“It’s my fault,” said Will, “I should have seen it; the knife isn’t right for you. Great One….”
I wasn’t listening. I was re-living the events of the past hour in my head.
Back, before we were dragged to the headmaster’s office…there was the fighting. Great One knows how I won all those first matches. And then the weapons round. I played back the terror and panic I felt when I realized Feyden was going to kill me (whether that was his intention or the product of unrestrained anger, I had yet to determine).
That was it. My fear. Terror. Panic. The nightmare felt it, responded to it. It had protected me. How ironic.
Then Feyden had fallen back in terror as the nightmare reared. He nearly killed it-once the whole room recovered from the shock of a nightmare, stamping angrily in front of me, here in the “safe” City. Only my protection kept them at bay long enough for it to disappear into the shadows once more. And even that seemed to be a bad move.
Darius re-entered the room, obviously repressing distress. “I’ve managed to calm the staff. They’ll take care of the students. It’s the Council we’ve got to worry about, however. They will not be so easily pacified. What will I tell them? Nightmares in the City? Safe nightmares in the City? Harmless? It’s my fault, not thinking to kill the blasted thing the moment I saw it in my office-“
“No, Professor,” said Richard-Richard of all people! “I had plenty of opportunity to kill it, before Sensa jumped on its back. I was too busy saving my own skin-“
“To save mine,” finished Gwen, staring miserably at her boots. “It’s pathetic, really. I’m a Warrior and I couldn’t kill a nightmare. A bloody nightmare! I-“
“Gwen, stop.” Will said, his usual compassion in his voice. “No one could have foretold the events that happened that night. No, we were all taken by such surprise…and then it disappeared. No sight of the beast for weeks.
“What happened today was no one’s fault but mine. The horse was protecting Sensa. She wouldn’t have needed protecting if I had seen-“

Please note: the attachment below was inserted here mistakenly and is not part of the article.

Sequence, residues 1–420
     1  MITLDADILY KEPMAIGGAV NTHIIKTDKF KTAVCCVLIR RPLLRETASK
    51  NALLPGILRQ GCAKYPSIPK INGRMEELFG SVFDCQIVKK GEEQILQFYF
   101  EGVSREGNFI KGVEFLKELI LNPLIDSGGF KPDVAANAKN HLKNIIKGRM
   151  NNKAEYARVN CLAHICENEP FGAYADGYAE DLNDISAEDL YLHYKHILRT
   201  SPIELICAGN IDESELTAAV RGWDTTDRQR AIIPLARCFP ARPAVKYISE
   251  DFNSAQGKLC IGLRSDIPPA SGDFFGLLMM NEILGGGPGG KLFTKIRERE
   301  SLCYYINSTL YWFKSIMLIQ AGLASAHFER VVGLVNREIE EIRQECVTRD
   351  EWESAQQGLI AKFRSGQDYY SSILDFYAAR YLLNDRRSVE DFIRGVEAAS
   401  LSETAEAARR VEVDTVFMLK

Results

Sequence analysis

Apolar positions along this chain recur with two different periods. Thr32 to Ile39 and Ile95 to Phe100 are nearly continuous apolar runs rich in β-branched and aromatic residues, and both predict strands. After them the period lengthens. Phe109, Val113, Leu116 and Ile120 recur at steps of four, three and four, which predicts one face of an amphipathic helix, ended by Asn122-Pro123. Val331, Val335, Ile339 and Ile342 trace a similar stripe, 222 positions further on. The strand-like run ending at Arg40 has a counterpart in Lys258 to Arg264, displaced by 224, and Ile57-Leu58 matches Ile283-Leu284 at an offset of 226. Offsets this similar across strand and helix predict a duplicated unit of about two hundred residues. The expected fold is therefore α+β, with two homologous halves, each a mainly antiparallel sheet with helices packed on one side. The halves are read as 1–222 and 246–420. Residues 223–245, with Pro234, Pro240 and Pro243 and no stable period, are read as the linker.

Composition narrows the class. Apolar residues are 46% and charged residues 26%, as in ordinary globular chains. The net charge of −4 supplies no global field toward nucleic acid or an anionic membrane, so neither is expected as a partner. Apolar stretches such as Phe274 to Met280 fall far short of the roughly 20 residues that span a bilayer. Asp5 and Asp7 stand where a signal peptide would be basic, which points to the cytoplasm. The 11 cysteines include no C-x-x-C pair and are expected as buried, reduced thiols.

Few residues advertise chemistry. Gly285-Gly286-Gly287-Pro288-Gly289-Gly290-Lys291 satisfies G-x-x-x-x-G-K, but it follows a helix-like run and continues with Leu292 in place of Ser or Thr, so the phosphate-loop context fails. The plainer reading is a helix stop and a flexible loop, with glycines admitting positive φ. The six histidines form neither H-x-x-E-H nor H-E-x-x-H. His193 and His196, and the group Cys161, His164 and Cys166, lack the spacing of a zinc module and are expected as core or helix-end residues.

“SHUT UP, ALL OF YOU!” I shouted. I didn’t know I was going to stand up until I did. The Warriors looked up at me, probably surprised both by my outburst and by the fact that I was actually there, in the room with them.
“I am so /sick/ of this! Stop treating me like a child, all of you! I can take full responsibility of my own actions!” I closed my eyes and took a moment to compose myself. When I spoke again, my voice was raspy, barely louder than a whisper.
“It never went away. I see it, in the shadows sometimes. I wanted to get rid of it…. I should have told everyone. They wouldn’t think I had something to hide. But now…” My breath caught. The numbness holding back any real emotional reaction had subsided; dread, despair, relief and resignation ran through my veins in a torrent.
“But now they’ll hate me.” I finished.
* * * * *
I was right, that day. Over the course of the next two months, I had more dirty looks, whispers behind my back, and outright meanness directed at me than I had in my previous fifteen years. I felt the suspicious glares on my back at every waking moment: in class, in the mess, in our dorm room.
It was worst in the Halls, where students of every class whispered as I passed. It was always the same things they said: “That’s her, the girl with the nightmare…” “…tried to kill a boy in her sparring class…” “…the bloody thing is still here!” “…my sister heard her whispering things in the dark…” “…parents were arguing, Mother doesn’t think the Academy is safe anymore…” “…destroy the bloody City…” “…cursed, I tell you, she’s cursed!”
Cursed. That was a big one. Feyden came up with the idea. Hayla and Natyly broadcasted it to the whole school, slight whispers that multiplied exponentially. Everything lent to the explanation: my nightmare, my strange Mark, my ability to read, my missing Gramma, my black eyes.